A vivid blue sky

The following example illustrates the enhancing effect of a POL filter on a blue sky.

Photograph of a Concorde passenger jet. Photo above taken with a POL filter, below without (Planar T* 1,4/50).
Photo of a Concorde passenger jet with a POL filter.
Photograph of a Concorde passenger jet. Photo taken without a POL filter (Planar T* 1,4/50).
Photo of a Concorde passenger jet without a POL filter.

The supersonic passenger jet Concorde, which is no longer in service, is shown in these two photographs at the Automobile & Technology Museum in Sinsheim, Germany. The photographs clearly show the significant improvement in contrast between the clouds and blue sky as a result of using a POL filter. The shadow on the pillar in the right of the shot indicates that the sunlight is coming from the right, at a favorable angle of incidence of almost 90 degrees. With backlighting or in incident light, i.e., with the photographer’s back to the sun, the effect would disappear entirely.

Working with water

The following two photographs demonstrate the effect of using a POL filter on reflections on water.

Through the use of a POL filter, colourful details at the bottom of a lake are apparent. In the lower image, these appear more “grey in grey” (Distagon T* 2/28 ZE; F/5,6; 1/60 sec.; ISO-200).
Through the use of a POL filter, colourful details at the bottom of a lake are apparent.
(Distagon T* 2/28 ZE; F/5,6; 1/60 sec.; ISO-200).
Without a POL filter colourful details at the bottom of a lake appear more “grey in grey”.

By eliminating reflections on the water’s surface, the photographer is able to emphasize details of the lakebed. The green of aquatic plants is rendered in luscious, natural greens, whereas without a filter these would appear merely “grey in grey”.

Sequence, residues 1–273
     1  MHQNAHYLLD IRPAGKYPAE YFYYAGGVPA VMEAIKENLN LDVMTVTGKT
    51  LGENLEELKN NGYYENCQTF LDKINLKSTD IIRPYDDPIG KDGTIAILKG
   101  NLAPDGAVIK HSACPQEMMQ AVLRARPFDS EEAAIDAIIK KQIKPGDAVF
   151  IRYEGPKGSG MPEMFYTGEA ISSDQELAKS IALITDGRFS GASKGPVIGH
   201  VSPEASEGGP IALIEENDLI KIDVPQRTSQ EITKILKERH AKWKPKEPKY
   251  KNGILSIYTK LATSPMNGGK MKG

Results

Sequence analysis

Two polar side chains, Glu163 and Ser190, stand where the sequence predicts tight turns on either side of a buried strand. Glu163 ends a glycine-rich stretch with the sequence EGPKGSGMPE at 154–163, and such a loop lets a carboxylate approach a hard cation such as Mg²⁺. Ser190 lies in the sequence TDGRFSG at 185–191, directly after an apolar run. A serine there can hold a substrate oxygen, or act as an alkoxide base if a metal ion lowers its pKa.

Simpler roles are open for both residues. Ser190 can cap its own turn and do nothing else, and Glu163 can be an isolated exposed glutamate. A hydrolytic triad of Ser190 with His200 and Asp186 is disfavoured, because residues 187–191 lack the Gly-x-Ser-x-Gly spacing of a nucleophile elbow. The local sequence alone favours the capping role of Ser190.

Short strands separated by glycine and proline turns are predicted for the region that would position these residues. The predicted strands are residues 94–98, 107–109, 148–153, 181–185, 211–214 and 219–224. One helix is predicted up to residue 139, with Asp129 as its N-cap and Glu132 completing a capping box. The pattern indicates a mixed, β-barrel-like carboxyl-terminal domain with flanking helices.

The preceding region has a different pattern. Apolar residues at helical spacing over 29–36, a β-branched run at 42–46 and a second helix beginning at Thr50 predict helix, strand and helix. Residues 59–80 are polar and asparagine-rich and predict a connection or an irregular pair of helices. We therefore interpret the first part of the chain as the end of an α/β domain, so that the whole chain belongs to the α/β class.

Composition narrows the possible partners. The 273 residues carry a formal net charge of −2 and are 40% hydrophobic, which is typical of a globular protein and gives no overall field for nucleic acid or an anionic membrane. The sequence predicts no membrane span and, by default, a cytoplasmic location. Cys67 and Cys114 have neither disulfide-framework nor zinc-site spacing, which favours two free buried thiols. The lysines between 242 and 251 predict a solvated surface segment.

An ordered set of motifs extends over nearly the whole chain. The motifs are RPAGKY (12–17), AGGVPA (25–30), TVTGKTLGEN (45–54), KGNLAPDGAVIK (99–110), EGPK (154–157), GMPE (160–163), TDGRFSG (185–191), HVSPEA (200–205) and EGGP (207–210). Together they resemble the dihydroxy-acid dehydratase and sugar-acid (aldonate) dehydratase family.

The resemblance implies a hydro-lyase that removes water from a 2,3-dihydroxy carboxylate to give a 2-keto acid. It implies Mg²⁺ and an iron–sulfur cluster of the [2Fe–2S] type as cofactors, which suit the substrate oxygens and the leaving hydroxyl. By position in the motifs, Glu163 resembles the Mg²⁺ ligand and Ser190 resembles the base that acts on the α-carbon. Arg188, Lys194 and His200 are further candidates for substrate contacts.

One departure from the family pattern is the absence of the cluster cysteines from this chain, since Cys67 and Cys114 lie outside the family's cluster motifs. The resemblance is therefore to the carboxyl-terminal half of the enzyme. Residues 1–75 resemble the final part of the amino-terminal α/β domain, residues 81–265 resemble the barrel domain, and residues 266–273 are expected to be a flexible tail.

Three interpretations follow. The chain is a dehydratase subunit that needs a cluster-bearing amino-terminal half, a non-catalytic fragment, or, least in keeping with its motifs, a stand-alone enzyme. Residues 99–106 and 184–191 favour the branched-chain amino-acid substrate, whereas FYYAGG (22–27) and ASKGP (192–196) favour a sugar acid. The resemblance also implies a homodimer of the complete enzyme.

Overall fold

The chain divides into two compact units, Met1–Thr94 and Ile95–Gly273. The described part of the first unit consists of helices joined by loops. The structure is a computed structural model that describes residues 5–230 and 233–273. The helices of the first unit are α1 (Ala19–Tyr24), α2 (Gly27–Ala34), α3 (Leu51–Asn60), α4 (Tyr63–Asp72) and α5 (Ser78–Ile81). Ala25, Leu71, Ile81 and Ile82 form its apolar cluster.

However, the use of a filter is not always beneficial when working with reflections on water. In certain situations, reflections can produce an exciting image composition, for instance where trees or buildings are reflected in water, or like the pond reflection of a building in the picture below. Here, the intention of the photographer is what counts.

Water reflections may be desirable in some subjects. In this example, the POL filter (left) suppresses this effect (Distagon T* 2/28 ZE; F/5,6; 1/160 sec.; ISO-200).
Water reflections may be desirable in some subjects. In this example, the POL filter (left) suppresses this effect.
Water reflections may be desirable in some subjects. In this example, the POL filter (left) suppresses this effect (Distagon T* 2/28 ZE; F/5,6; 1/160 sec.; ISO-200).
(Distagon T* 2/28 ZE; F/5,6; 1/160 sec.)

 

 

 

 

 

 

 

 

 

 

 

 

 

 

 

 

When to use a UV filter

Finally, a few points on the use of UV filters: these are used to block out ultraviolet light, yet they remain transparent and fully permeable to visible light. In certain situations where there is a high proportion of UV light (for example at high altitudes), the image contrast can be slightly increased and the sharpness enhanced by filtering out undesired wavelengths. As a result, colors appear more radiant. T* UV filters do not lengthen the exposure time, which makes them ideally suited for everyday use, particularly for protecting the front lens from dirt, dust and scratches, and even from slight damage if the lens is dropped.